Former Outcome Health CEO not liable for fraud, lawyer claims as trial ends


The former CEO of the once-lauded Chicago tech startup Outcome Health did not commit fraud, but trusted the wrong person, his attorneys argued Wednesday morning.

After more than seven hours of closing arguments from government prosecutors, the defense team will hear closing arguments Wednesday in criminal trials against former Outcome CEO Rishi Shah, former President Shradha Agarwal, and former Chief Operating Officer and Chief Financial Officer Brad Purdy. It was started. The trial is now in its ninth week, and jurors are expected to begin deliberations within days after closing arguments are concluded.

Prosecutors allege that the three former rising stars spearheaded a $1 billion scam scheme and demanded cash from drug companies, lenders and investors.

Outcome was once one of Chicago’s most recognizable startups, with a reported valuation of over $5 billion at one point. The company sold ads to pharmaceutical companies, placed ads on TVs and tablets, and placed them in clinics and waiting rooms.

But federal prosecutors say the Shah, Agarwal and Purdi lied about the number of clinics with screens and tablets running content and used those false figures to overcharge pharmaceutical companies for advertising. , claims to have inflated the earnings figures used to raise funds by taking loans. Investor.

Shah, Agarwal and Purdy have been charged with mail fraud, wire fraud and bank fraud. The Shah has also been accused of money laundering and Purdy has been accused of making false statements to financial institutions. All three have pleaded not guilty and some have been sentenced to up to 30 years in prison.

Throughout the trial, the defense claimed that the fraud mastermind was former Outcome executive Ashik Desai. Desai has already pleaded guilty to one count of wire fraud, and early in the trial, he testified for more than two weeks about his actions and those of the defendant.

The Shah’s defense attorney, John Huston, made that point Wednesday morning by giving multiple instances where Desai assured the Shah that everything was overboard.

“He is trying to trick Shah into thinking there is no fraud,” Houston said. He testified to a jury that Desai forged screenshots of screens running advertisements for customers early in the trial, and forged return on investment reports and certain metrics without direction from above. reminded me of what I did.

“You can’t plan to cheat someone if they’re hiding the scam from you,” said Hueston. “How exactly does that work? The answer is, it doesn’t work.”

Hueston told jurors that Desai regularly lied, including about Shah’s involvement in certain situations and decisions in Outcome. Desai previously testified that he occasionally wrote Shah’s name in emails to other of his Outcome employees. That meant he wrote that he and Shah had agreed on a strategy or had taken action, although he had never actually consulted Shah, Hueston said.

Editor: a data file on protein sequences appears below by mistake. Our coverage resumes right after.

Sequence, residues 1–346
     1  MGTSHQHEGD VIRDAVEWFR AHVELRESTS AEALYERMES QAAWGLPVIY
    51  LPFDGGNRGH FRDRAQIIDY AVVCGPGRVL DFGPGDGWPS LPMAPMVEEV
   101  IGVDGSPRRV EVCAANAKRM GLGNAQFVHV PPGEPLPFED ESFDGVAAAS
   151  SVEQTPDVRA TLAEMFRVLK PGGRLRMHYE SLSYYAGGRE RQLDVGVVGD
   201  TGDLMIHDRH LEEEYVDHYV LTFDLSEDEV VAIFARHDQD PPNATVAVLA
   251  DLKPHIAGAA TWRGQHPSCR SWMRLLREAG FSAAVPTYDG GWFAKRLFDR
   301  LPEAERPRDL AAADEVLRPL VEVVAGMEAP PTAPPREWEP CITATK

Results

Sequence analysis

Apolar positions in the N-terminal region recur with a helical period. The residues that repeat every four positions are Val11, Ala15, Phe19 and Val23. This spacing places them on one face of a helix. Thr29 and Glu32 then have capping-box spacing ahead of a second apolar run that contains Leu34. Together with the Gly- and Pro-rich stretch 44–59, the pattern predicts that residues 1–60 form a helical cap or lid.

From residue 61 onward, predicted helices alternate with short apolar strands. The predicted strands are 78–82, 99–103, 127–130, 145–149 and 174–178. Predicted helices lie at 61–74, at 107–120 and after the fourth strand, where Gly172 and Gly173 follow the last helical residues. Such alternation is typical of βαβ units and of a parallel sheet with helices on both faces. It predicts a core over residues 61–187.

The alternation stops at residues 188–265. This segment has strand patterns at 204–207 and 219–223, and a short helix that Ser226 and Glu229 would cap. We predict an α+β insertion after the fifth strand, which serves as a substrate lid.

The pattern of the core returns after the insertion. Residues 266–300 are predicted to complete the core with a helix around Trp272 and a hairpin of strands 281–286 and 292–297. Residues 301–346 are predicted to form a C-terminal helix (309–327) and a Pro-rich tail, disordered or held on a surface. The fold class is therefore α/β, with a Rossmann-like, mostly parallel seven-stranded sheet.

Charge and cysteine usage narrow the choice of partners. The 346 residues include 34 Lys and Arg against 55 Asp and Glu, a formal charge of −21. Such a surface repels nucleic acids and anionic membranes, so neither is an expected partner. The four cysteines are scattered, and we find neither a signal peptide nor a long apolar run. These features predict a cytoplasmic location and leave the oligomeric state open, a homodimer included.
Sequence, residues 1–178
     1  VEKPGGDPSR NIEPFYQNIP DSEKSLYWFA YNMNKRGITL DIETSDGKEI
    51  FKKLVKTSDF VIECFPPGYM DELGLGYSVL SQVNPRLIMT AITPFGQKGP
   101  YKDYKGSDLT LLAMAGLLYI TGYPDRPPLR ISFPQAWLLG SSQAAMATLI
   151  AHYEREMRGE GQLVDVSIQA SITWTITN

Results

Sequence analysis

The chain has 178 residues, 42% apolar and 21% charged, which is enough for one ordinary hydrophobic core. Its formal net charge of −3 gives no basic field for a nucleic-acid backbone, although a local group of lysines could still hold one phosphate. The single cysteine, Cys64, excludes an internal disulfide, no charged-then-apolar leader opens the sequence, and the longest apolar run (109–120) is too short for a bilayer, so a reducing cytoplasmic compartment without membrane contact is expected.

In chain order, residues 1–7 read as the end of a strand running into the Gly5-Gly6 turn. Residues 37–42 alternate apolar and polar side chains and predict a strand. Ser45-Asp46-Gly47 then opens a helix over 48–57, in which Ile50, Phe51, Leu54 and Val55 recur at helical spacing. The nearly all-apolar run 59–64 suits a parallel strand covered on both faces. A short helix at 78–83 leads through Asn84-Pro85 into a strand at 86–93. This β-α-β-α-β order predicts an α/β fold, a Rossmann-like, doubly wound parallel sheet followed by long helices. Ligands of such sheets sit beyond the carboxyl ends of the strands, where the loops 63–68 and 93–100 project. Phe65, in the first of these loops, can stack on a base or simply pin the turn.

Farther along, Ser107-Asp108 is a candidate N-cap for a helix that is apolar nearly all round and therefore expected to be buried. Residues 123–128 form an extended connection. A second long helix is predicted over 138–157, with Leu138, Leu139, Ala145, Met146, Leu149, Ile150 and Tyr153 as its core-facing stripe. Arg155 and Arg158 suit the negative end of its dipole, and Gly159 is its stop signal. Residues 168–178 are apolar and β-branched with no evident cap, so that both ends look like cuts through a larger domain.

“He used his name when Mr. Shah’s consent was not obtained,” Houston said.

Hueston’s allegations appear to indicate that prosecutors spent most of Tuesday to realize Shah wasn’t seeing as many ads on screens as promised to drug clients. The prosecution also found a list of offices where ads could be placed, including offices without screens, exchanged between Shah and Agarwal before Desai arrived at the firm. to pharmaceutical companies. Prosecutors argued that the emails indicated the fraud predates Desai, who committed the fraud at the direction of his superiors.

But Houston on Wednesday gave an example Shah indicated that clients should be informed that some offices included in the list of places where ads can be played are based on projections or averages.

Hueston also focused on early testimony in the trial of Jason Ketchum, former Senior Director of Promotional Strategy for Outcome. He testified that Ketchum, who started working for Outcome many years before Desai, did not teach Desai how to defraud, and that in his time a list of offices with screens was partially based on forecasts. Ketchum was granted immunity for his testimony.

“Did Mr. Shah make a mistake? He certainly did. Misjudgment? Yes. …But these aren’t the questions you’re here to answer,” Houston told the jury. The question you are here to answer is, did Mr. Shah start with Mr. Ketchum early on and draw up a scheme of fraud and then hand it over to Mr. Desai? It’s a definite no.”

Closing arguments by counsel, including defendants Agarwal and Purdy, are expected to continue over the next few days.

As a company, Outcome has already faced a number of legal actions after a 2017 Wall Street Journal article uncovered allegations of fraud. In March 2021, Outcome will merge with PatientPoint to form a new company called PatientPoint Health Technologies.


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Written by Natalia Chi

Chicago Popular; Chicago breaking news, weather and live video. Covering local politics, health, traffic and sports for Chicago, the suburbs and northwest Indiana.

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